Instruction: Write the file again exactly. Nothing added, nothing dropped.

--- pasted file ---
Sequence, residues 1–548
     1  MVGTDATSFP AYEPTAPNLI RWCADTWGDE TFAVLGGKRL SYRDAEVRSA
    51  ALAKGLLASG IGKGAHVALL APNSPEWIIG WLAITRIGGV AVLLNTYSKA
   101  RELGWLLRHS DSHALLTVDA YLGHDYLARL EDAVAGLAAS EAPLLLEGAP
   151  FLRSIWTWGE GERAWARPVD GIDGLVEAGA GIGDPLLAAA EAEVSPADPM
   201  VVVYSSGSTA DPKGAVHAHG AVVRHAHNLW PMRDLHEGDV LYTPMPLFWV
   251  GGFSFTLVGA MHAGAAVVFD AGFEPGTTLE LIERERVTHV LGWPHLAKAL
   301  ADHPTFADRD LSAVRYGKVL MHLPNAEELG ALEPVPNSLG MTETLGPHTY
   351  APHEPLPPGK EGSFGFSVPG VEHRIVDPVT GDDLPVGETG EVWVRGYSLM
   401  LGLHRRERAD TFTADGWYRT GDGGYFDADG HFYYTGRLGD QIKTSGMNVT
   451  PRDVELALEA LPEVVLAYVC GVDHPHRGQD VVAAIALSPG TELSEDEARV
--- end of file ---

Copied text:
Sequence, residues 1–548
     1  MVGTDATSFP AYEPTAPNLI RWCADTWGDE TFAVLGGKRL SYRDAEVRSA
    51  ALAKGLLASG IGKGAHVALL APNSPEWIIG WLAITRIGGV AVLLNTYSKA
   101  RELGWLLRHS DSHALLTVDA YLGHDYLARL EDAVAGLAAS EAPLLLEGAP
   151  FLRSIWTWGE GERAWARPVD GIDGLVEAGA GIGDPLLAAA EAEVSPADPM
   201  VVVYSSGSTA DPKGAVHAHG AVVRHAHNLW PMRDLHEGDV LYTPMPLFWV
   251  GGFSFTLVGA MHAGAAVVFD AGFEPGTTLE LIERERVTHV LGWPHLAKAL
   301  ADHPTFADRD LSAVRYGKVL MHLPNAEELG ALEPVPNSLG MTETLGPHTY
   351  APHEPLPPGK EGSFGFSVPG VEHRIVDPVT GDDLPVGETG EVWVRGYSLM
   401  LGLHRRERAD TFTADGWYRT GDGGYFDADG HFYYTGRLGD QIKTSGMNVT
   451  PRDVELALEA LPEVVLAYVC GVDHPHRGQD VVAAIALSPG TELSEDEARV